Mar Holkers is Plant Manager for Palsgaard Netherlands and was instrumental in arranging for the emulsifier factory to achieve a zero-carbon footprint in 2018.
10 things to know about carbon-neutrality
As more production companies start to prioritise carbon-neutrality, confusing terminology can lead to misunderstandings about what it means for the Earth’s future.
The Paris Agreement on climate change calls for 195 countries to adopt a legally-binding global action plan to limit the effects of global warming. Introduced in 2015, the Agreement aims to adopt climate-friendly policies to help achieve climate-neutrality before the end of the century.
For the last three years, EU member states have worked towards the goal of reducing emissions by at least 40 percent by 2030. With sustainability at the top of the agenda for governments across the globe, localities and companies are ramping up their efforts to make a difference.
Social responsibility has been a part of Palsgaard’s DNA since it was founded back in 1908. Recognising that the large-scale production of emulsifiers is energy intensive, the company’s key corporate social responsibility (CSR) goal is to make all production sites carbon-neutral by the end of 2020.
Many other production companies are also aware of the impact their activities have on the environment and are striving to achieve carbon-neutral status. Carbon-neutrality can help meet the objectives of the Paris Agreement and the production industry is working on achieving this goal in a number of ways including:
- Reducing emissions by switching to renewable energy
- Purchasing carbon offsets
- Reducing waste and decreasing water usage
- Localising production to reduce the transportation of goods
- Offsetting carbon by funding initiatives like reforestation projects
Deciphering the language
The idea of carbon-neutrality is being embraced around the world and in many different industries. Some airlines, for example, give customers the option to offset their flight emissions from a holiday or work trip. Even the entertainment and sports industries are getting into the spirit, as shown by Vancouver hosting the world’s first world carbon-neutral Olympic event in 2010.
But what does carbon-neutral actually mean? With all the sustainability jargon and green messaging flying around, it’s not a surprise that there’s some confusion. Here are ten things about carbon-neutrality to break through any misunderstandings:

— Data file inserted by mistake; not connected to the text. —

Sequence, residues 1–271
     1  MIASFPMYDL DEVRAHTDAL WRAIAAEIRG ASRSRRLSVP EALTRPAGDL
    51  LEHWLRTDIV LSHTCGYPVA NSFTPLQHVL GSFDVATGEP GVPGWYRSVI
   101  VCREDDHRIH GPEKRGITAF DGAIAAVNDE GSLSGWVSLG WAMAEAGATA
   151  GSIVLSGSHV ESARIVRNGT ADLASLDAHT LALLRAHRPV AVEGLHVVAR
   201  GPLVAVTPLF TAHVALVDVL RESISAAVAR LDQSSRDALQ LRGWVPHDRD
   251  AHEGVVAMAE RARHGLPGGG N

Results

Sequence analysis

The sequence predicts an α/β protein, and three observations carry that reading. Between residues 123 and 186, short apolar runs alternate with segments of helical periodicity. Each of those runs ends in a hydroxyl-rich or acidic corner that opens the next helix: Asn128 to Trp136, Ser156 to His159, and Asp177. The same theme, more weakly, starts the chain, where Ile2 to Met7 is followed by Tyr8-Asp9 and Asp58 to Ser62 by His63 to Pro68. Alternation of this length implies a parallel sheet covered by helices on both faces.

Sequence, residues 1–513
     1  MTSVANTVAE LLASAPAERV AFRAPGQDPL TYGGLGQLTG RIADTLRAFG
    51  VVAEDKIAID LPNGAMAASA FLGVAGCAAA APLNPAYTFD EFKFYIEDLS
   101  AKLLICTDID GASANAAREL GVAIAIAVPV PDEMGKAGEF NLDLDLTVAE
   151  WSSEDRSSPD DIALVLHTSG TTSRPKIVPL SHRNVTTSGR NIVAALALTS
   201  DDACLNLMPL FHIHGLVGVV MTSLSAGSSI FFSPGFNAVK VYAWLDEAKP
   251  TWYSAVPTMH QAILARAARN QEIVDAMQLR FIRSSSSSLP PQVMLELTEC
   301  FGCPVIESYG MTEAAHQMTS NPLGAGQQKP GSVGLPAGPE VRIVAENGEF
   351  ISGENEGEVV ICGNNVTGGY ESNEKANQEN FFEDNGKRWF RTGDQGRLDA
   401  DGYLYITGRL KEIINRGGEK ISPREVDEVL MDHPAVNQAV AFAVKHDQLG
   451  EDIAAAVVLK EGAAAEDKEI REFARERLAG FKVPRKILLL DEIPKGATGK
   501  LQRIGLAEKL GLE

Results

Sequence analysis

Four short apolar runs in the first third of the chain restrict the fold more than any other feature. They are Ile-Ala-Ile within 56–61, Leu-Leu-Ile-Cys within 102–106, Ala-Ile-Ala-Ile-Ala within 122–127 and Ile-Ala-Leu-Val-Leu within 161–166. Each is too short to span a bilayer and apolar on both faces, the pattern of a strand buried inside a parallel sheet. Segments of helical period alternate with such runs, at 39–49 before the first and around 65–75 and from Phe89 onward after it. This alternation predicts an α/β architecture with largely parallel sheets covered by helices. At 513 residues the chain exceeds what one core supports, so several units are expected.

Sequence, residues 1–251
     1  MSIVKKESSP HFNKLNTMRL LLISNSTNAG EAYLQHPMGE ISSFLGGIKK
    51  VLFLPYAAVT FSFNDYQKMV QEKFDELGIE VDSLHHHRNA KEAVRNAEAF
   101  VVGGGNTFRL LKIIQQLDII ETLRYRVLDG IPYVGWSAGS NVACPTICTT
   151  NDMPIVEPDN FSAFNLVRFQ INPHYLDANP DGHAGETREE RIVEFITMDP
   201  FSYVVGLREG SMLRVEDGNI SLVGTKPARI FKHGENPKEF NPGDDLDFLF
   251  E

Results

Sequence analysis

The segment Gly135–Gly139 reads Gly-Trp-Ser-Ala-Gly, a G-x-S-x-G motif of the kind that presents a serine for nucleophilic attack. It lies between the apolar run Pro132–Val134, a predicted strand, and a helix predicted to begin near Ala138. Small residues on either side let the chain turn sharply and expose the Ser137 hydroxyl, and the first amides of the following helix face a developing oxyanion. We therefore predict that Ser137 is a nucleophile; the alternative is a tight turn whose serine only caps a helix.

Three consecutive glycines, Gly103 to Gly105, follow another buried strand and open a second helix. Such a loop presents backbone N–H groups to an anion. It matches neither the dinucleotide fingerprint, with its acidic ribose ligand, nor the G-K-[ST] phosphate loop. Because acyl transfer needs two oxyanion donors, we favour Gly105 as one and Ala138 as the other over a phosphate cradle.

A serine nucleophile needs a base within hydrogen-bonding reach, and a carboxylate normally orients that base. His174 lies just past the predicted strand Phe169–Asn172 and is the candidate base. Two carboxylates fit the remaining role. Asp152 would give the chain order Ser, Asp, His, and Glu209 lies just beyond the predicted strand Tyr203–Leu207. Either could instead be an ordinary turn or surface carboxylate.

- Carbon-neutral refers to an activity, such as producing goods, that releases net zero carbon emissions into the atmosphere.
- Climate positive goes a step beyond achieving net zero carbon emissions. In fact, being climate positive involves removing carbon dioxide (CO2) from the Earth’s atmosphere – generating an environmental benefit and creating a ‘positive’ impact.
- Carbon negative means the same thing as ‘climate positive’. Wondering how that works? If a production process reaches carbon-neutral status, and then the production company removes additional CO2 from the atmosphere, the result is net negative carbon emissions – meaning a ‘positive’ impact.
- The term ‘carbon positive’ is popular in marketing and is essentially the same as climate positive and carbon negative.
- The term ‘carbon footprint’ covers the entire production journey. It encompasses all emissions associated with sourcing and production along with the energy used to produce and distribute a product.
- A company’s or product’s carbon footprint is calculated using the global warming potential (GWP) of each step in a production process and an emissions factor. All greenhouse gases have an accompanying emissions factor and GWP.
- The GWP measures how much energy will be absorbed by the emissions of one tonne of a greenhouse gas over a given period of time, relative to the emissions of one tonne of CO2. The larger the GWP, the more that a given gas warms the Earth’s atmosphere as compared to CO2.
- An emissions factor is a number that attempts to express how much of a pollutant is released into the atmosphere as part of a particular activity. It is usually given as the pollutant’s weight divided by another variable like the volume or duration of the pollutant-emitting activity.
- The discussion about emissions is not just limited to CO2. Other greenhouse gases exist, too. The United States Environmental Protection Agency has an overview of these, including a breakdown of emission types measured in the US in 2016.
- Companies can purchase carbon offsets, acting as a ‘credit’ where greenhouse gas reductions from one party offset the emissions of another party. Offsets are usually measured in tonnes of CO2
Clearing the air
So, next time you hear the words carbon-neutrality, you will have a better understanding of what it means and how all the different elements come together. As companies around the world act to achieve carbon-neutral production, we will collectively be closer to meeting the goals set out in the Paris Agreement.